Protecting trade secrets benefits small businesses and consumers: research

Associate Professor Qiu said the findings had global economic implications.

“Although our empirical investigation is based on US companies, our evidence-based research findings from large samples could be applied to other developed economies such as Australia due to their very similar institutional environments,” said Associate Professor Qiu.

“This study demonstrates that court rulings on intellectual property protection have far-reaching implications for firms’ ability to compete and the competitive strategies they employ.”

The doctrine of inevitable disclosure has been mentioned in Australian law; for example in May 2021, when Federal Court Judge Beach ruled in favor of an established lender applying a 12-month non-compete clause to prevent a senior employee from moving to a new competitor.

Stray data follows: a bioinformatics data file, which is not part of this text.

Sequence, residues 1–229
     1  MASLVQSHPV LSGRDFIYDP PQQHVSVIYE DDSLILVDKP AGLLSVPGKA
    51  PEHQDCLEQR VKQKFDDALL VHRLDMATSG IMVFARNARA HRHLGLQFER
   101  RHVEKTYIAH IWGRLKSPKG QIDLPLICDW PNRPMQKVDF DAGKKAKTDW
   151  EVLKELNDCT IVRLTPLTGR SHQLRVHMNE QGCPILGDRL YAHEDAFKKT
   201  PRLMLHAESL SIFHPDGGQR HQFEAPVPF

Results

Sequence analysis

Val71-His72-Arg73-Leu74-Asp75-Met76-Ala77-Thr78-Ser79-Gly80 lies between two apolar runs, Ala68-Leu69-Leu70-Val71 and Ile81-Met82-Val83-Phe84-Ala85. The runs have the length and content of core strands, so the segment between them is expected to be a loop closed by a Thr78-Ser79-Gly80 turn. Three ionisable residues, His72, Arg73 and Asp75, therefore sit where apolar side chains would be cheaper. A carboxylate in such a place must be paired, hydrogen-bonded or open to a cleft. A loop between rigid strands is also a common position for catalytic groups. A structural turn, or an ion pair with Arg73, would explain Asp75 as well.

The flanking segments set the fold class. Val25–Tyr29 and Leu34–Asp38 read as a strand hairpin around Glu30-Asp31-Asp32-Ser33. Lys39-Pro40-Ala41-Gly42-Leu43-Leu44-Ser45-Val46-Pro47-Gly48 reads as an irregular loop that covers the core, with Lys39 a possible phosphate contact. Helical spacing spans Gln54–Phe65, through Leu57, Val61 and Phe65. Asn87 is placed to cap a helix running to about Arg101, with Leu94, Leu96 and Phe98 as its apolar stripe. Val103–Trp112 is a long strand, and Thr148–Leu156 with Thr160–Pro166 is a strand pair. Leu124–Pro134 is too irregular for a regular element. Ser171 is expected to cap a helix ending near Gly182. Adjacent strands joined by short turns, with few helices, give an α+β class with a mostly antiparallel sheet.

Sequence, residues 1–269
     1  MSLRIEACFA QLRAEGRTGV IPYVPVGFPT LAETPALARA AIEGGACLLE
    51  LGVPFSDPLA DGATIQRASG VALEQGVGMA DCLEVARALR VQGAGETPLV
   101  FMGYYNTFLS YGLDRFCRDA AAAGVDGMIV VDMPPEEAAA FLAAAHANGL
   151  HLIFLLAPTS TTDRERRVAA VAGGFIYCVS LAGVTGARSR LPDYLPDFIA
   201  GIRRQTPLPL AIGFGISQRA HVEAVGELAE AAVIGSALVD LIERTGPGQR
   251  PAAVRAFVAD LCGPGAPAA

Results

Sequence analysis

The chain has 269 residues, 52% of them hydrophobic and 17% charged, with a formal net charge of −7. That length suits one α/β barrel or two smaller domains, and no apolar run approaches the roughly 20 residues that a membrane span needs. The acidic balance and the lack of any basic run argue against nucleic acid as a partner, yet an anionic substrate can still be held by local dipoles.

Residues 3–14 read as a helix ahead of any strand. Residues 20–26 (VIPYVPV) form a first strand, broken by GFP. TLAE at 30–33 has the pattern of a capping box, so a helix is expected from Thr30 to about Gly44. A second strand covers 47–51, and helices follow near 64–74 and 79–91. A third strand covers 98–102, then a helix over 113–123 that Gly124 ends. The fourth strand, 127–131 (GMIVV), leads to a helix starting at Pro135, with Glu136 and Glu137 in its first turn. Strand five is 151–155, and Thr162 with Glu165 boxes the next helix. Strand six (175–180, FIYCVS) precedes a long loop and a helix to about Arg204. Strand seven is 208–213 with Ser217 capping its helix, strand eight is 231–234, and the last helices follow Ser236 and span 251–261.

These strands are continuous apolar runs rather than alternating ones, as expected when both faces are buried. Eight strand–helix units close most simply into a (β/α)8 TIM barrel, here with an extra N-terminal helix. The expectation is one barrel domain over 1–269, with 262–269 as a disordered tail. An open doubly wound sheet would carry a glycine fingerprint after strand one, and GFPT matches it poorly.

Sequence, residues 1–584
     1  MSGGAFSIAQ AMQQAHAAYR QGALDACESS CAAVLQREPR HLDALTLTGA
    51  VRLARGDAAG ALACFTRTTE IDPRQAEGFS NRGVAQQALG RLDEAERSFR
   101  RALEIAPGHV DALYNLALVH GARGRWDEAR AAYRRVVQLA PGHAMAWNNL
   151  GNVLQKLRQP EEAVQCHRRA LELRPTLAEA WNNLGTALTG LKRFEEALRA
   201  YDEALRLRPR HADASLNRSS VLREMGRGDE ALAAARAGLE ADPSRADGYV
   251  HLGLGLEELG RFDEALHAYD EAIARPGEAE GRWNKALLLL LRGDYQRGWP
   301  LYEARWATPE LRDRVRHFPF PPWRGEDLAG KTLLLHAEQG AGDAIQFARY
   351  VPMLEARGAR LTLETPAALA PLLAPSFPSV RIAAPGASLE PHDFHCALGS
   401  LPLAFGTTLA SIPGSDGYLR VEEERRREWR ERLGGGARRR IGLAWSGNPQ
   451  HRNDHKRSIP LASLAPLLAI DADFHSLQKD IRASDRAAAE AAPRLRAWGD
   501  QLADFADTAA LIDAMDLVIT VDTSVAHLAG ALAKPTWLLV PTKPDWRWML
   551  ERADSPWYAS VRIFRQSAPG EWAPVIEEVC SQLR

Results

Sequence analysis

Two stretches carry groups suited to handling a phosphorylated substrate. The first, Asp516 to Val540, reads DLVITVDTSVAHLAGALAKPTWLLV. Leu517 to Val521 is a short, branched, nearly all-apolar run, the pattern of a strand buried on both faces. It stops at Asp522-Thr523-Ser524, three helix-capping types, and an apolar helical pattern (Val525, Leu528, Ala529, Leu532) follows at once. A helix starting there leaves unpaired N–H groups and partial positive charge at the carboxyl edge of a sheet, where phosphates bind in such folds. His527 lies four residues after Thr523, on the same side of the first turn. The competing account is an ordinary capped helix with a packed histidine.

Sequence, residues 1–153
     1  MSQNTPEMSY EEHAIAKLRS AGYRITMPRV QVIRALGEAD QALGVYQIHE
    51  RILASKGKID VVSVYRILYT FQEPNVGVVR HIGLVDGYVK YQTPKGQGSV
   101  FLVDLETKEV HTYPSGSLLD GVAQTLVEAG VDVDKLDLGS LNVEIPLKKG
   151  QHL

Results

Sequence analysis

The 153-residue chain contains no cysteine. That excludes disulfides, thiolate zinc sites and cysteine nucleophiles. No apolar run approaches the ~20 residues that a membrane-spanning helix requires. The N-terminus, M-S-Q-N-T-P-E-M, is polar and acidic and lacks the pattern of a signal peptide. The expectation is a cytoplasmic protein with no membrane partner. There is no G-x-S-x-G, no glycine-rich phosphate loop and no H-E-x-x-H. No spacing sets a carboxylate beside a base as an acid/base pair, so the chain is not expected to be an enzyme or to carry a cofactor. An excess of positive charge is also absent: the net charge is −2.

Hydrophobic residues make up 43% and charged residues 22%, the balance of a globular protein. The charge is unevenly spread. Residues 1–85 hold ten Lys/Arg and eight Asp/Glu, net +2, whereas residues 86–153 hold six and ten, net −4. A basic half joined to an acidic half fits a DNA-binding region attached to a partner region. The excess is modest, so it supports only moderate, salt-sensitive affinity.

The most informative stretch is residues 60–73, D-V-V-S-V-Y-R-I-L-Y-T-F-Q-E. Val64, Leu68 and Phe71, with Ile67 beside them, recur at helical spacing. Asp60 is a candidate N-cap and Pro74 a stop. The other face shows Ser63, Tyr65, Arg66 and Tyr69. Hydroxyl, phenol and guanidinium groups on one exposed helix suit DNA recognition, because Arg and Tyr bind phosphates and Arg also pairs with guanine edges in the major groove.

Although he worked against a new company in this case, Associate Professor Qiu said this kind of protection is particularly important for new entrants, “and can therefore improve the competitive environment of the knowledge-based economy. and promote economic growth and consumer welfare”.

“The protection of proprietary knowledge through the doctrine of inevitable disclosure can be used in conjunction with other intangible asset protection policies, such as non-competition clauses and patent, trademark and copyright protections. copyright, to facilitate the financing of knowledge assets.”

Comments are closed.